February 12, 2008

My back still hurts, but this hurts even more--updated again

Glenn Greenwald details just how bad our Democratic led Senate has acted today. As he notes:
"The Senate today -- led by Jay Rockefeller, enabled by Harry Reid, and with the active support of at least 12 (and probably more) Democrats, in conjunction with an as-always lockstep GOP caucus -- will vote to legalize warrantless spying on the telephone calls and emails of Americans, and will also provide full retroactive amnesty to lawbreaking telecoms, thus forever putting an end to any efforts to investigate and obtain a judicial ruling regarding the Bush administration's years-long illegal spying programs aimed at Americans."
What is more, they tried to pass an amendment that would force Bush to at least limit his warrantless wiretapping to through this bill. Democrats couldn't muster the 60 votes necessary to even get that. The Dems split on most votes, but the Republicans voted lock-step every time.

I am forcing myself to get up and around to try to get the muscle spasms so I pulled out the Senate phone book and made few calls--telling the staffers very politely, that I was a concerned Democrat from a very red state and simply wanted to know why Democrats worked so hard to get the majority if they were going to give bush exactly what he wanted already. Most of the Dems who crossed over to vote with the automaton Republicans didn't have anything to say. "I haven't spoken with the Senator, I don't know." But two told me that they thought their Senator's point was that the telcoms had acted in good faith and so should not be prosecuted. I asked (again, politely) "how would the senator know this?" After all, the most galling thing about this is that the President, Vice President and assorted lobotomized lemming Republicans won't even say what the telecoms did. Bush and Cheney talk about what they "might" have done to protect our country.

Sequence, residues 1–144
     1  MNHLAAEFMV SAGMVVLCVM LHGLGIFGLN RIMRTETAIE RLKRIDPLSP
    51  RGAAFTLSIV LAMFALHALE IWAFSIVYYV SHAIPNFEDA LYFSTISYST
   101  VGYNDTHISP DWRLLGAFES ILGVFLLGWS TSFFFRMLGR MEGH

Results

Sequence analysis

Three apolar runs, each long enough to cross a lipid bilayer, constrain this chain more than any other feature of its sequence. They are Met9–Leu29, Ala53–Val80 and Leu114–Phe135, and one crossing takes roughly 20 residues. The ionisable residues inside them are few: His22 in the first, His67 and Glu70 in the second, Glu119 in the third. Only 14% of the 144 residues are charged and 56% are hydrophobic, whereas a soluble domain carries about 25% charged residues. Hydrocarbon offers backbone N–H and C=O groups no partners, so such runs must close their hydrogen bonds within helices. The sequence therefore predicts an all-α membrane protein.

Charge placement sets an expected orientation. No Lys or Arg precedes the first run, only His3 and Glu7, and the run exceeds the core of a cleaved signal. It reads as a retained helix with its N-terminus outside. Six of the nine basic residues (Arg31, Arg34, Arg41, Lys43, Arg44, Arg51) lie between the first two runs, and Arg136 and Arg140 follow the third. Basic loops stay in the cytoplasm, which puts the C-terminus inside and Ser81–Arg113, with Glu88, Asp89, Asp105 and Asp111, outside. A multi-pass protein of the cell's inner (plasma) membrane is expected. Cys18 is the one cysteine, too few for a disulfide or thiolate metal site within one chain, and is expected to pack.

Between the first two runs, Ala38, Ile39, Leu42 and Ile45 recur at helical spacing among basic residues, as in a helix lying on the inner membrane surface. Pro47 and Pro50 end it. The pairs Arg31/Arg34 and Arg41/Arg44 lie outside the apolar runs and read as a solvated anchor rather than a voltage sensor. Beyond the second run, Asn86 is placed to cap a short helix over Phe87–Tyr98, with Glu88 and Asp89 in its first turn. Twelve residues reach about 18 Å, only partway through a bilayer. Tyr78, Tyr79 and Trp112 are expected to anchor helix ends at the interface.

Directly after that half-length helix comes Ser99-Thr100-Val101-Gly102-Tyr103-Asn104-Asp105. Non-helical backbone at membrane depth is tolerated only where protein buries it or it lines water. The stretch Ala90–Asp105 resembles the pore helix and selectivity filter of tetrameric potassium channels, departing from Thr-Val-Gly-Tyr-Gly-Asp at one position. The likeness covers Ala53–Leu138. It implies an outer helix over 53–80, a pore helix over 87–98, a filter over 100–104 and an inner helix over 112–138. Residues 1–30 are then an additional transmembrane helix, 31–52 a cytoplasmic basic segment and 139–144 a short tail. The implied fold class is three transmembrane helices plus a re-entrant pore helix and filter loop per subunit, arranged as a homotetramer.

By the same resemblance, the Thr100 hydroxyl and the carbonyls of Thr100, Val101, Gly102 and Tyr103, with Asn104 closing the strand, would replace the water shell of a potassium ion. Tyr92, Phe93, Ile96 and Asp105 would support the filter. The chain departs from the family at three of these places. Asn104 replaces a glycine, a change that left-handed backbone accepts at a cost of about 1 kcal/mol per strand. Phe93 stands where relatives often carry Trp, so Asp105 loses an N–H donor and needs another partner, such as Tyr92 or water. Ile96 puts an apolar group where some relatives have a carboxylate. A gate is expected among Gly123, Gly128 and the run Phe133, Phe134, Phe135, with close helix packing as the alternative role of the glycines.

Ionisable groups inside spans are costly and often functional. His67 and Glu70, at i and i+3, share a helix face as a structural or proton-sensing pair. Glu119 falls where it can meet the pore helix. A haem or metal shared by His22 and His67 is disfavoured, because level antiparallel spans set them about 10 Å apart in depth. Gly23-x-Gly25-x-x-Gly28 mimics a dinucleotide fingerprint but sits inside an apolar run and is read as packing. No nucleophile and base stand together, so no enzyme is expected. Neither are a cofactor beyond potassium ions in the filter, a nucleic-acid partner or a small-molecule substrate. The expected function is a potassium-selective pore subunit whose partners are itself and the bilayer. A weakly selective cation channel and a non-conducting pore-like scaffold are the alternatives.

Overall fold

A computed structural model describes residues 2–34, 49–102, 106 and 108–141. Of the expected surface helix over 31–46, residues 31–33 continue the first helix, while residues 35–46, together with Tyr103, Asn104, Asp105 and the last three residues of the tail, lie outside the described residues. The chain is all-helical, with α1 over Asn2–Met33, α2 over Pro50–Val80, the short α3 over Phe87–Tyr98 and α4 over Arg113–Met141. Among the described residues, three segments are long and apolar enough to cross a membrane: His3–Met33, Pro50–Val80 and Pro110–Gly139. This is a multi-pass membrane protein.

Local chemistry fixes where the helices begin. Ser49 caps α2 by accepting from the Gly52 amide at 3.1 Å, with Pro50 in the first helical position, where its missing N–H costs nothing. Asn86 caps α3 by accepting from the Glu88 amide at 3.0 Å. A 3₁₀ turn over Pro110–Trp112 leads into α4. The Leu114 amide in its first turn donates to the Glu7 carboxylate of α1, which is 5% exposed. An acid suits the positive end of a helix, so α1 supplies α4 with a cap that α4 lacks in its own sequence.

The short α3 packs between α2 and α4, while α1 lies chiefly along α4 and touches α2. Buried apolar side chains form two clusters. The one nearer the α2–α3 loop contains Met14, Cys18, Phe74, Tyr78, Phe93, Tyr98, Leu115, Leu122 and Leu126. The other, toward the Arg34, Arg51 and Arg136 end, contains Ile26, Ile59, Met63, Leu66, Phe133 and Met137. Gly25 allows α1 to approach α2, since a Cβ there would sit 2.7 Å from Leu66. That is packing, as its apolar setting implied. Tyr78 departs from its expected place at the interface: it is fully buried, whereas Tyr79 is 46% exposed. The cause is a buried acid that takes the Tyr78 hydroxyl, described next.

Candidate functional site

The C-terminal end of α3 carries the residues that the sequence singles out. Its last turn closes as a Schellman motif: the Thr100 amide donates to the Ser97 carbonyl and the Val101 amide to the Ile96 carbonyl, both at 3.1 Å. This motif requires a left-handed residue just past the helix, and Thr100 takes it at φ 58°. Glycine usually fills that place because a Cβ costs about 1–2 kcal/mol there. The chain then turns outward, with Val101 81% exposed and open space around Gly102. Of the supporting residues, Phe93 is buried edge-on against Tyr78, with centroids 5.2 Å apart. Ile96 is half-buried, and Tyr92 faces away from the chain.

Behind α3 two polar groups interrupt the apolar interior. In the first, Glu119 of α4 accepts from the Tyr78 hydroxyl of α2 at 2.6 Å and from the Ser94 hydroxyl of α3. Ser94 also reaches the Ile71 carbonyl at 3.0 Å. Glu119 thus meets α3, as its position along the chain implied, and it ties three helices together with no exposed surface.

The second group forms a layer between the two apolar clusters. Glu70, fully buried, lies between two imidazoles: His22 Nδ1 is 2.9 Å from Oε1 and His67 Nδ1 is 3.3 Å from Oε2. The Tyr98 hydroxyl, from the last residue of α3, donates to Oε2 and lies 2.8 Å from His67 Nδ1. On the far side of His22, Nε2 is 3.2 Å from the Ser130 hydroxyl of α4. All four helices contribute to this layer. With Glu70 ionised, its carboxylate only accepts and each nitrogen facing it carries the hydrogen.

That's justice for a certain few in America right now. Say you authorized waterboarding? No investigation because you thought you were doing something legal. A telecom opening up conversations, billing records, emails, text messages, (who knows?) for this rogue President? No problem and we won't even inquire further. I wonder if any of us would get that kind of consideration. For anything.

I called several and made their staffers say they would pass on my objections to their Senator. I don't know if that will really happen, and know even less if it makes any difference. I suspect those telecoms are pumping in large buckets of cash to these political coffers. All I could offer was outrage.

But following Glenn Greenwald's suggestion, I signed an online petition to urge the House to not fold like a rented suit as did our Senate Democrats. Please follow suit, even if it is an empty gesture.

Talking Points Memo: by Joshua Micah Marshall | If You Can't Beat 'Em, Join 'Em: "TPM Reader RL throws in the towel:

I actually like the idea of a unitary executive, because it implies that there could be a unitary citizen. I have begun to consider myself a unitary citizen. I am allowed (by virtue of the definition of a unitary executive) to pick and choose the laws I would like to follow, kind of Thoreau like.
I also like the idea of retroactive immunity paired with the unitary citizen. I could decide not to follow a stupid law and then forgive myself afterwards.

But it begins to sound like (horrors) anarchy. Maybe that's what we now have as a form of government: unitary anarchy. I like it. It works for me!"

Update 2:
Froomkin is equally unimpressed with the logic protecting telecoms:
"Here's a White House ' Fact Sheet' on telecom immunity: 'Companies should not be held responsible for verifying the government's determination that requested assistance was necessary and lawful -- and such an impossible requirement would hurt our ability to keep the Nation safe.'

But isn't that the very definition of a police state: that companies should do whatever the government asks, even if they know it's illegal?"

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